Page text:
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OMD To Release First New Album In 14 Years: "History Of Modern" Out September 28


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Pre-Order Bundles Available At OMD's Own Webstore: WWW.OMD.HASAWEBSTORE.COM

OMD (aka Orchestral Manoeuvres in the Dark) return with their first new album in 14 years. History of Modern will be released September 28th in the US via Bright Antenna Records through Warner Music Group's Independent Label Group. The US version of History of Modern contains the US only exclusive track, “Save Me," which features Aretha Franklin and is the album's first single. Spin.com has an exclusive interview with OMD's Andy McCluskey along with the premiere of the new song “New Babies: New Toys."

Fans have the opportunity to pre-order History of Modern at OMD's own webstore—WWW.OMD.HASAWEBSTORE.COM. They can choose between a limited edition box set and bundles including autographed vinyl, CD's and exclusive t-shirt designs. All pre-orders come with an instant digital download of the single, “Save Me."

One of the reasons OMD have called their brand new album—their eleventh—History of Modern is because they are acutely aware of what it is they're doing with this release. On paper, this is the UK synth-pop pioneers' first new material since 1996, but in spirit, History of Modern has more in common with the group's early '80s heyday, when Enola Gay and Souvenir, penned by two teenage Krautrock fans from the Wirral, lit up the charts and set the agenda for a bold new movement in British electronic music.

In tandem with the Depeche Mode and Pet Shop Boys, OMD's tuneful blend of cutting-edge synthwork, cool minimalism and soulful pop—honed to perfection on the albums Architecture & Morality, Dazzle Ships and Organisation— defined the decade, sold millions of records, and turned childhood pals Andy McCluskey and Paul Humphreys into stars.

“We were trying to be modern," says Andy, pointing out that, in 1980, OMD were one of the first acts to use a sampler. “After architecture, art and design, popular music was the last of the great modernist movements, and we were genuinely trying to do something new. Quite how we thought we were going to change the world with three-and-a-half-minute pop songs, I don't know, but we thought we could."

Fast forward 30 years to the reunited OMD of 2010 and it's clear that that sense of mischief and youthful idealism still fuels the group. “I suppose the nice thing is that, just like in the early days, we made this record simply because we fancied making a record," says Andy. “There was no pressure to make a record in order to sell records and sustain a career. It was like making a first album again."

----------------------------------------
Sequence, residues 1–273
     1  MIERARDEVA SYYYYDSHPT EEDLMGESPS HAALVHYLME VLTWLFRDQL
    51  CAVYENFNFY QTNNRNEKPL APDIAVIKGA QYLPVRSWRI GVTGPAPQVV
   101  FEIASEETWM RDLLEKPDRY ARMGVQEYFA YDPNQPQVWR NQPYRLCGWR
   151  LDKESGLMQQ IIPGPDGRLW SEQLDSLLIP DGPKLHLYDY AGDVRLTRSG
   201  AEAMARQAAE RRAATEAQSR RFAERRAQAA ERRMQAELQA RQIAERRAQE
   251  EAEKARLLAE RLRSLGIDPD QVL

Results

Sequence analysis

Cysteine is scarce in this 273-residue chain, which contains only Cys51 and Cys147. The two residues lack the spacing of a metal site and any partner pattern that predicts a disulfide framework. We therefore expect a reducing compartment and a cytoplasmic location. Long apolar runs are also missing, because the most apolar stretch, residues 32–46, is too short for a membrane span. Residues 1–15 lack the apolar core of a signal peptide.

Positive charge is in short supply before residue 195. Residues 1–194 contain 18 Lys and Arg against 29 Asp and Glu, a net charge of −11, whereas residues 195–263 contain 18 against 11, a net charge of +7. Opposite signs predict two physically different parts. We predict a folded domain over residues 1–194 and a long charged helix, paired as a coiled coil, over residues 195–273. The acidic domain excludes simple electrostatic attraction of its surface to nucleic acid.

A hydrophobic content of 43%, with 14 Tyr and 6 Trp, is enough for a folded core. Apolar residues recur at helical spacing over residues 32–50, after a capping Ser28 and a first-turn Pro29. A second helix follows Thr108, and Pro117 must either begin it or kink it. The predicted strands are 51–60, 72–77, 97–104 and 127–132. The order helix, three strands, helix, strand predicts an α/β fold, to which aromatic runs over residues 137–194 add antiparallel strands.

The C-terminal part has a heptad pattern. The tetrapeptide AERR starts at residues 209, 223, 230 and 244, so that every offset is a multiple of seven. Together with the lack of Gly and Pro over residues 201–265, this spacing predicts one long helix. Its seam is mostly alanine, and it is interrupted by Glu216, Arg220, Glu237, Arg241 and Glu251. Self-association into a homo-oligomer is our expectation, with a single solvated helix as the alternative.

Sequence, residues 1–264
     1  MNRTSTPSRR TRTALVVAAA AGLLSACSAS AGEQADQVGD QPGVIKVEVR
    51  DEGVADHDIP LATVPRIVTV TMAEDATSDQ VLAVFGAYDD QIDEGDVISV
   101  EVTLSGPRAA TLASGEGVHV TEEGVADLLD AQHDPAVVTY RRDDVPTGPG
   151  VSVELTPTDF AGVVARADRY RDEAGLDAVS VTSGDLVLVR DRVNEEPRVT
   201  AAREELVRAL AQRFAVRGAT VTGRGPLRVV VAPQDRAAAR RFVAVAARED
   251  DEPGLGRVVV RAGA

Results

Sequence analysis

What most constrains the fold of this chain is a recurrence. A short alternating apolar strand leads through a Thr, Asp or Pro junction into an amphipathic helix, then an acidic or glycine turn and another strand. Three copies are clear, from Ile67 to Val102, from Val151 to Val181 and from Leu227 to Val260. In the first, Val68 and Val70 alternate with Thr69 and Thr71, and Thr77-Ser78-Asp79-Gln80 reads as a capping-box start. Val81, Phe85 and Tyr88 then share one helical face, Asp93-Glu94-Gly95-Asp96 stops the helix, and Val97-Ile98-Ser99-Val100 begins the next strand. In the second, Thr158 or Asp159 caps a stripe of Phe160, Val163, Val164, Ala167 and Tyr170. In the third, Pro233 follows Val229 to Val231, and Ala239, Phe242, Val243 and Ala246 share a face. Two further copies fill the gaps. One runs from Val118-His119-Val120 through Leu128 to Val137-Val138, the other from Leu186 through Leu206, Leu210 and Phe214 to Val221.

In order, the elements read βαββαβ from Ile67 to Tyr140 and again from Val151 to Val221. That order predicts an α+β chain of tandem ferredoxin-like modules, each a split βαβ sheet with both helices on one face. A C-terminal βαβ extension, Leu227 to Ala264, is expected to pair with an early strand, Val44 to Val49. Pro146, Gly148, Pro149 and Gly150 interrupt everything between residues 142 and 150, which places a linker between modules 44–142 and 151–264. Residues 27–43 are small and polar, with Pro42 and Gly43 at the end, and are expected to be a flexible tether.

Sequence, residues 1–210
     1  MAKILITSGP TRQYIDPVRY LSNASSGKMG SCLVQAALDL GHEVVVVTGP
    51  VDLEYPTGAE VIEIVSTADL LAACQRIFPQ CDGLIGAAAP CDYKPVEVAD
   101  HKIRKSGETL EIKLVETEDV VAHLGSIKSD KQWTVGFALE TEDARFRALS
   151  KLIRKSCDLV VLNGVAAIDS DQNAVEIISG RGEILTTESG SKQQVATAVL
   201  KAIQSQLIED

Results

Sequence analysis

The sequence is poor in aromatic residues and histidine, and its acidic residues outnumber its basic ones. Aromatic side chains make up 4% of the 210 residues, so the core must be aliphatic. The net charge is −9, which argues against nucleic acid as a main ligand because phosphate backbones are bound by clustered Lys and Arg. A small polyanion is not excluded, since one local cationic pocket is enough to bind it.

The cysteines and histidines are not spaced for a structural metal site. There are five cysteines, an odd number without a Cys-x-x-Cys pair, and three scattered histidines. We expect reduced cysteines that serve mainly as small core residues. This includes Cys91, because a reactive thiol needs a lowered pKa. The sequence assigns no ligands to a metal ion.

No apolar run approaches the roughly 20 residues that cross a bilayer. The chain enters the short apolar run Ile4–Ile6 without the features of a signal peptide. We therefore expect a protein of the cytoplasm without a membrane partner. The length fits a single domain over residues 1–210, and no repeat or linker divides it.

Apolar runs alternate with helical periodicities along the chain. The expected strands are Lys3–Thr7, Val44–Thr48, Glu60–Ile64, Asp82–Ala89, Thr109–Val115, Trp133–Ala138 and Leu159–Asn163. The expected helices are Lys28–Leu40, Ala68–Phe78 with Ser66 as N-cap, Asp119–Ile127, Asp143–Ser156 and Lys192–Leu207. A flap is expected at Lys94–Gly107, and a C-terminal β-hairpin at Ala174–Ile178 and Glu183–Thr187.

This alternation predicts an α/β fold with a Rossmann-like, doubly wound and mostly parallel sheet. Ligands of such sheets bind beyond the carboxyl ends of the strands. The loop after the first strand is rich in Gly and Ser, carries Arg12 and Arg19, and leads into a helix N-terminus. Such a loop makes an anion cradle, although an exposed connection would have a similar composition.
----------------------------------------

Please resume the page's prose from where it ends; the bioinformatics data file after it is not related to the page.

In these electro-friendly times, OMD's influence has become ubiquitous. The XX, Brandon Flowers of The Toy Killers, and LCD Soundsystem's James Murphy have cited OMD as an inspiration, while the likes of La Roux, Cold Cave and The Horrors show traces of OMD's DNA. Andy notes that today OMD is perceived to have its place in the “pantheon of relevant popular music history," something which seemed unthinkable during the Britpop era, when '60s revivalism finished off the last incarnation of OMD, a solo venture by Andy (Paul had left in 1989).

Fortunately, by anyone's standards, History of Modern is an excellent album, one that fizzes with energy and captures the group's newfound enthusiasm. Then again, between them, Andy and Paul have some 60 years of songwriting and music-making experience, so they do know their way around a hit. Propelled by synth riffs, “New Babies: New Toys" and the two “History of Modern" tracks are very much a return to form, while “RFWK" doffs its cap to Kraftwerk, and “The Future, the Past, and Forever After" has shades of OMD's northwest contemporaries, New Order. Elsewhere, “Sister Marie Says" echoes “Joan of Arc" and “Maid of Orleans."

Upbeat and bristling with ideas, History of Modern was mixed by Arctic Monkeys/Foals engineer Mike Crossey, and offers a slightly rawer kind of pleasure to the serene melancholy of OMD's early-'80s moments. In a nice touch, the record's sleeve was designed by Peter Saville, who was responsible for the iconic artwork of those first OMD albums. Saville was the in-house designer at Factory Records, the label that released OMD's debut single, “Electricity," in 1979. For many, History of Modern will be their first experience of OMD, and one hopes their curiosity will lead them, via YouTube and Spotify, to Organisation, Architecture and Morality and Dazzle Ships—key works in the Synth Britannia canon.

The music industry OMD have returned to in 2010 is in a very different state to the one that helped them sell millions of records 20-odd years ago. But their attitude hasn't changed. “Back then, we weren't following anybody's rules but our own," Andy says. “Today, if you're considered credible and you still have a relevance, then you're allowed back on your pedestal. That's what we've discovered to our great delight.

“And this record," he adds, “is just another part of the jigsaw of us reclaiming our place in the broader picture."

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